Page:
In a doubly-connected edge list (DCEL) data structure, each vertex v stores a pointer to one arbitrary half-edge, v.inc, which has v as its origin, that is, v.inc.origin == v. However, there may be multiple half-edges which have v as its origin.

How do I access or iterate all half-edges which have v has their origin?


We can do that by exploiting the structure of the DCEL.

Recall first that each half-edge h has a pointer to its twin half-edge, h.twin. Each half-edge h also has a pointer to its successor, h.next, and predecessor, h.prev, half-edges, which lie on the boundary of its incident face (that is, on the boundary of h.face), assuming that the incident face of h lies to its left (if we walk, in a counter-clockwise matter, along the edges incident to h.face by following the "next" pointers).

So, how do we visit all half-edges which have a vertex v as their origin?

The solution consists in exploiting the pointers h.twin and h.next.

Let h be the half-edge such that a vertex v stores h as its own incident half-edge (that is, h == v.inc), where v is the vertex that we want to know all half-edges which have v as its origin, where h is one of those half-edges. We can then access h.twin, which has v as its destination. Hence, h.twin.next is a half-edge which also leaves v. Unless v is adjacent only to one vertex u, which implies that v.inc == h is the only half-edge leaving v (and we are done), then h.twin.next is different from h. In that case, let w = h.twin.next. Then w.twin is a half-edge which has v as its destination (i.e. like h.twin). Hence, w.twin.next is also a half-edge which leaves v. We can proceed in this matter until w.twin.next is equal to h.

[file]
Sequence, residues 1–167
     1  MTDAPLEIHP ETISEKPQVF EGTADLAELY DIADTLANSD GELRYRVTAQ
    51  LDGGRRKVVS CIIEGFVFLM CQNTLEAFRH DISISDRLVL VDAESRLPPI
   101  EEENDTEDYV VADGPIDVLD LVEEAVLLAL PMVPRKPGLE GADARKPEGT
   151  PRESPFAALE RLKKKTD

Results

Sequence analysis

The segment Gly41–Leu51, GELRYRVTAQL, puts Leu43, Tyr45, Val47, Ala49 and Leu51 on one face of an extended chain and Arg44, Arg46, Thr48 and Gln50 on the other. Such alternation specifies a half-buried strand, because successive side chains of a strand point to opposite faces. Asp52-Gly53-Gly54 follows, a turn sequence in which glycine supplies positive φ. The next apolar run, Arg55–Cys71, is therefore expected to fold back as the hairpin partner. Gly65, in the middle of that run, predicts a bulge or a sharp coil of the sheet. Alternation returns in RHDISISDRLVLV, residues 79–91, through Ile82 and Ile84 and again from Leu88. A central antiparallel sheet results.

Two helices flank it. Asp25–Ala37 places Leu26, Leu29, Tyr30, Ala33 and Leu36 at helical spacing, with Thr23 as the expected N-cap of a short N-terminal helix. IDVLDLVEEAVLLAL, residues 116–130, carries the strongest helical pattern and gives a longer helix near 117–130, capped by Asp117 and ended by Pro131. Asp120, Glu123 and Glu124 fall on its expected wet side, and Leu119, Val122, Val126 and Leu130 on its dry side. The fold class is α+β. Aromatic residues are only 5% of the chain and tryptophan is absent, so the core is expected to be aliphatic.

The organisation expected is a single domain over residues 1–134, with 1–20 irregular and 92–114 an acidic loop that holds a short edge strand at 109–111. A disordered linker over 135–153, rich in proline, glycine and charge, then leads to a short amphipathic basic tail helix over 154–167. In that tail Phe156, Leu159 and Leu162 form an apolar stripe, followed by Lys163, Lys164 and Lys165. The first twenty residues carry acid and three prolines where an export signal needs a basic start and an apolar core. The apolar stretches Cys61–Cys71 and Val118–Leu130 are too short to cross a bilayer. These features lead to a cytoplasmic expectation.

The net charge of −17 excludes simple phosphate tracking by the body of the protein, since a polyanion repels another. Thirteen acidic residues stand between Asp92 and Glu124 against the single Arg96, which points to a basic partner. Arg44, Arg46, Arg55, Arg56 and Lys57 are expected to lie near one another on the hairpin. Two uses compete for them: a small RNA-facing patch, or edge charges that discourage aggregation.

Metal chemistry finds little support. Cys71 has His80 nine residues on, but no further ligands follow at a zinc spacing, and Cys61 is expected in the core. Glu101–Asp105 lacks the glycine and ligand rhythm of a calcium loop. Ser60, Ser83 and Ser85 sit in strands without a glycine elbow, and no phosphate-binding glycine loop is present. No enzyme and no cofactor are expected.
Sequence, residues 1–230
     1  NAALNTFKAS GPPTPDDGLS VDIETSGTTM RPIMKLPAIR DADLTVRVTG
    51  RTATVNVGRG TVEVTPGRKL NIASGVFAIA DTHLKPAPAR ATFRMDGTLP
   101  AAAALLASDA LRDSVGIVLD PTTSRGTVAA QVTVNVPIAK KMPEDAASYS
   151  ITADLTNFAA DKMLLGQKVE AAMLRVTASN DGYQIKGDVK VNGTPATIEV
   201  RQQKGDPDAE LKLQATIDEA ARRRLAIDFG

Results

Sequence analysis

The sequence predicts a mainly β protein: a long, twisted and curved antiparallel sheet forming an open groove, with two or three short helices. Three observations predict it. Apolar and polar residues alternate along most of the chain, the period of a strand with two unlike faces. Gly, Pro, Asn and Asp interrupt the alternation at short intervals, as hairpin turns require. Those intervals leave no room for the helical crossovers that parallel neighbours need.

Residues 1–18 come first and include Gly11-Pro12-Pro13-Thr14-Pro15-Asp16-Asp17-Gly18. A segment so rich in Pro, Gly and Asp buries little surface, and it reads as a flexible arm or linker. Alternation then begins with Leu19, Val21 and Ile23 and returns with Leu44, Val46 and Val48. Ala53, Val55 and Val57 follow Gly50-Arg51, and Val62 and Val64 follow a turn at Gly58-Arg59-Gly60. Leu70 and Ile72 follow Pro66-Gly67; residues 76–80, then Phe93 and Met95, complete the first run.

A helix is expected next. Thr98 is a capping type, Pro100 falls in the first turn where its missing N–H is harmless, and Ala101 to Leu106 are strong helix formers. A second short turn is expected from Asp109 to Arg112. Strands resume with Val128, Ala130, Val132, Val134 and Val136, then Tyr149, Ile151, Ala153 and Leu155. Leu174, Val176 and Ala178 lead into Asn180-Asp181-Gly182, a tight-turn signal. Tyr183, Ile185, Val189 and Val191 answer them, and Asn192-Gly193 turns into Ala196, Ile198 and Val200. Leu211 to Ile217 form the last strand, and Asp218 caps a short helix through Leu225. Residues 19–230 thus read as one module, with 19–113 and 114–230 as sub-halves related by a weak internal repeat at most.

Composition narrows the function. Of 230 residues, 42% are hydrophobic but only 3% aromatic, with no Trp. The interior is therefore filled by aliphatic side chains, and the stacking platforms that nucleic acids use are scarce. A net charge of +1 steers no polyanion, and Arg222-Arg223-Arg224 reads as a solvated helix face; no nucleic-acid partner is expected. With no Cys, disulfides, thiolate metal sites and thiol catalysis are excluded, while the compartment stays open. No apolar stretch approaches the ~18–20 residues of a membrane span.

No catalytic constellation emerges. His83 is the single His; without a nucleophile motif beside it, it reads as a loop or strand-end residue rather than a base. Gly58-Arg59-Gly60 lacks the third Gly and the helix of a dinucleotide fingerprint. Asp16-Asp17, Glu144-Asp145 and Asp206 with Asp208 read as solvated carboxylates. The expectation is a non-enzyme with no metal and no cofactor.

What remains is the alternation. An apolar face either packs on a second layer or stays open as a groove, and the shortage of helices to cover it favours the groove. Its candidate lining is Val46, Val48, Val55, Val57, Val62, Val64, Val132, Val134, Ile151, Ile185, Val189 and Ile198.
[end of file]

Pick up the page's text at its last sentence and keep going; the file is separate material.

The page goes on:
In a more formal way, the algorithm may look as follows.

function all_half_edges_leaving(v):
    h = v.inc
    list = [h]
    w = h.twin.next
    while w != h:
        w = w.twin.next
   return list

Clearly, once we have the half-edges leaving v, we can access in constant time also its twins (given that each half-edge stores a pointer to its twin). Alternatively, we may also store the twins in a list during the procedure above.


Your Answer

By clicking “Post Your Answer”, you agree to our terms of service, privacy policy and cookie policy